Erin Malone and I introduced some of the fruit of our effort to carve out a pattern language for social user experience design. At the Information Architecture Summit in Memphis this past week we taught our pattern library workshop and then delivered this tandem presentation:
Erin is the the founder of the Yahoo! Design Pattern Library and hired me to be its third curator. Today she is a partner at Tangible UX, a consulting firm, and I maintain the library as a YDN design evangelist on Micah Laaker‘s Yahoo! Open Strategy (YOS) team, in collaboration with Luke Wroblewski‘s Front Doors and Network Services (FDNS) team.
The top of my agenda in the past year has been to identify, gather, and document a family of social design patterns: observed practices that work well in resolving common design problems in social applications. I’ve been looking for and teasing out patterns that enable social environments to thrive and sustain themselves.
Fortunately, I had a leg up or two. While there were very few documented community or social media patterns in the library, there are a wealth of specs, papers, patterns, presentations, and guidelines scattered around the intranet, and there was Matt Leacock‘s first take on a social media toolkit, shepherded together on an internal Yahoo! wiki.
More importantly, I looked out across the landscape of the web and drew on my own personal experience as a user, analyst and addict of online social experiences.
At BarCamp Block last year I facilitated a session on social media patterns (at least that’s what I was calling them then) and the net takeaway was an amazing mindmap of potential patterns. Quite a few of them turn out to be social moments, social behaviors, or social objects; or scenarios that illuminate patterns without being patterns themselves. But the outline and cloud diagrams we built from that brainstorm helped get me started sorting out some possible organizing structures beyond what we had internally a Yahoo.
This mindmap went through a series of iterations and refinements. Meanwhile, I started presenting on the topic of social patterns at BayCHI, at South By, at the IA Summit, at Ignite and more recently at TechPulse and soon PLoP and Interaction09.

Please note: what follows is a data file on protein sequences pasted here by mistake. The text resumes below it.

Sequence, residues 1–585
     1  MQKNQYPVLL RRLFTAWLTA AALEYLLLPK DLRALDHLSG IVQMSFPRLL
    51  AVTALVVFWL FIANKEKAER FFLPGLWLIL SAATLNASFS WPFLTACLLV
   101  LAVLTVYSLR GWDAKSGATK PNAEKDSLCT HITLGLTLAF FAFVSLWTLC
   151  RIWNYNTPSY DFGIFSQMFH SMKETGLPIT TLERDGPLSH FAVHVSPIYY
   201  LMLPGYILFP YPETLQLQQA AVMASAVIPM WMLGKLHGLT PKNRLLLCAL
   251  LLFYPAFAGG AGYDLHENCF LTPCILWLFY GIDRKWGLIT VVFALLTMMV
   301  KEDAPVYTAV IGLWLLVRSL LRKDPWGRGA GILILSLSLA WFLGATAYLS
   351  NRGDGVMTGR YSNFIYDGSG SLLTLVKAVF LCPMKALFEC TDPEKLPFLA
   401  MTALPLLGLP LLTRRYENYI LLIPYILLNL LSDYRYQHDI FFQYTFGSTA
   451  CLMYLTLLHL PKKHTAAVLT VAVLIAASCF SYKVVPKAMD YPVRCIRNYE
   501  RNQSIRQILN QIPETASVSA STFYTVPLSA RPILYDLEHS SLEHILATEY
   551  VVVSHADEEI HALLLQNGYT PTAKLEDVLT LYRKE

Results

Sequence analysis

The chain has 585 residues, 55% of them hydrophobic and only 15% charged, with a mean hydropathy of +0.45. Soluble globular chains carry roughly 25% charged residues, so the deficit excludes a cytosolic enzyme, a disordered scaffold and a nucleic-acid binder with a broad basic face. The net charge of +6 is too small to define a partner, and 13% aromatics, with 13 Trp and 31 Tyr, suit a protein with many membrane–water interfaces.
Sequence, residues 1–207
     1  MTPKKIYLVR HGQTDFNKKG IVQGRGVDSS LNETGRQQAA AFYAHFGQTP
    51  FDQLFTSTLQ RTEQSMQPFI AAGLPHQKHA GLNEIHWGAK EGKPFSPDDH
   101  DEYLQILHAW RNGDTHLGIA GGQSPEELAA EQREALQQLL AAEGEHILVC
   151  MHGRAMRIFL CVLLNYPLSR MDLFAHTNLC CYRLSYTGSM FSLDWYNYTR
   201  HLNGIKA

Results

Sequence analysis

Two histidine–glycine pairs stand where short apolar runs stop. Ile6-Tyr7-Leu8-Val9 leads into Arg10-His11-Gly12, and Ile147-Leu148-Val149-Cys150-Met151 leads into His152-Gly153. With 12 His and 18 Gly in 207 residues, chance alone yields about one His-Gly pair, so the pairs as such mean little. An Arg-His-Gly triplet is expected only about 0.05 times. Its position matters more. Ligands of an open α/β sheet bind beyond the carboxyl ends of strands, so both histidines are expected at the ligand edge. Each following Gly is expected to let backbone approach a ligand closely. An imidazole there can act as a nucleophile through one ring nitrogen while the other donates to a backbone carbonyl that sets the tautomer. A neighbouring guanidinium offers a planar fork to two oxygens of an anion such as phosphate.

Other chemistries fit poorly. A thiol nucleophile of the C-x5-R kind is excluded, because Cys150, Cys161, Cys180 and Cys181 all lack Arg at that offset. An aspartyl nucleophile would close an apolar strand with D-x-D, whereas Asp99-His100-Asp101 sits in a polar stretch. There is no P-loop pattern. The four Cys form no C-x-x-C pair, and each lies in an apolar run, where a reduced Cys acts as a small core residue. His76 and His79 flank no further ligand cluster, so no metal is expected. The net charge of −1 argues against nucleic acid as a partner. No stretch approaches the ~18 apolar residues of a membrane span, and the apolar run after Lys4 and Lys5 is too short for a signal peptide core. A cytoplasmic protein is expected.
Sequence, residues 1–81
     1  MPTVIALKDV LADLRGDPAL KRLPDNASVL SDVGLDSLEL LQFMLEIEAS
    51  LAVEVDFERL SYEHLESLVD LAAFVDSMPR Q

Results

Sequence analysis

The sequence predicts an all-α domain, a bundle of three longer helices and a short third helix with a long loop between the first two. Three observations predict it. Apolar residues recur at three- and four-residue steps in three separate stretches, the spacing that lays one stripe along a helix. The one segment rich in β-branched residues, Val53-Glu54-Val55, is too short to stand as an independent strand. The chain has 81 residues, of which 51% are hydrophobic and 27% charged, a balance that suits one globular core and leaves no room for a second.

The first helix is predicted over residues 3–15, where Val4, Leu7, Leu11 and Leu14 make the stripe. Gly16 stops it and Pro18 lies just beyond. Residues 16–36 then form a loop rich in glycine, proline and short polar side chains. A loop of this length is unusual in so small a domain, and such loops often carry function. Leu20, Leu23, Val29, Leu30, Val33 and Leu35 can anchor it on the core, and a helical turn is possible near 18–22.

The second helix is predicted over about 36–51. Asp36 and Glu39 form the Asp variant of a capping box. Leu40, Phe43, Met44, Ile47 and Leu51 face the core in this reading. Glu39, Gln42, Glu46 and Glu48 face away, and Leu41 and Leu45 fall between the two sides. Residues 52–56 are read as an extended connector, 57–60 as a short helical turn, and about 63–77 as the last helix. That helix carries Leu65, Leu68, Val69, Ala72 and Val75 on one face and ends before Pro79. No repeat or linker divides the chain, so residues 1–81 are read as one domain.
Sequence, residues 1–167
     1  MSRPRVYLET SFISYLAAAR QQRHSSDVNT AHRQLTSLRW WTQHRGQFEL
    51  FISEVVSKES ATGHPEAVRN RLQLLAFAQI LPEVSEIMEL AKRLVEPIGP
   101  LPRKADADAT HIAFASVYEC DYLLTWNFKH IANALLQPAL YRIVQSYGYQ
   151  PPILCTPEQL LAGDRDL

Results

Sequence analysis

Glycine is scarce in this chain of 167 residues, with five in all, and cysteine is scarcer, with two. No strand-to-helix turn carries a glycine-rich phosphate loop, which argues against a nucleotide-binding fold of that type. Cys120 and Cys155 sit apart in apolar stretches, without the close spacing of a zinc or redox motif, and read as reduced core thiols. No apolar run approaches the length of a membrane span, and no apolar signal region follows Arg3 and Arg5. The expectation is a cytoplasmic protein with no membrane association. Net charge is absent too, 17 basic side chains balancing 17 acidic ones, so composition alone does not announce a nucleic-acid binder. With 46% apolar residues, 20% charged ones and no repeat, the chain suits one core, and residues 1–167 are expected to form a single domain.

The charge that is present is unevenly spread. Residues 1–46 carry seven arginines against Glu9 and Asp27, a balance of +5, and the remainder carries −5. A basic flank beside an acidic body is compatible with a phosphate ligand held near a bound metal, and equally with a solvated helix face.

Taking your half-baked ideas on the road and presenting them to a demanding crowd of payng customers is a great way of figuring out which ideas have resonance and which miss the mark. Presenting ongoing work in progress is tough: you make yourself vulnerable and open to criticism. But the criticism will come eventually anyway. Why not hear it now while you can still address it and incorporate the best ideas of others into your work?
For that matter, I feel it’s essential to be clear about one thing: almost none of this work on social design patterns is original. Yes, of course I am naming patterns and writing them and perhaps throwing in a nugget of experience here and there, but for the most part I am still *curating* these patterns. I’ve been stealing from everybody!
We hates plagiarism so we cite sources and point back to originators where applicable. I’ve proposed that the nascent PLPL (Pattern Language Markup Language) standard include an attribution element, with a common structure for reflecting sources, reuse, derived work, and licensing matters.
Furthermore, in our book we are inviting a wide range of leading practitioners, thinkers, and bloggers to contribute essays on one or more of the pattern families we’re developing for the book. Because, yes, the book is in many ways an offshoot of this ongoing social pattern collecting effort. And in that same spirit we’re both interested (Erin and me) in experimenting iwth methods of opening up the writing process and seeking feedback, correction, criticism, and contributions before the book’s ship date.
We’ll probably post patterns in progress on a wiki and in the meantime we will both be posting thoughts about the chapters we’re working on on our blogs. I’ll also post some draft patterns here at least until we have the wiki process figured out.
My next post in this series will be about a set of fundamental social design patterns I’m pulling together in Chapter 2.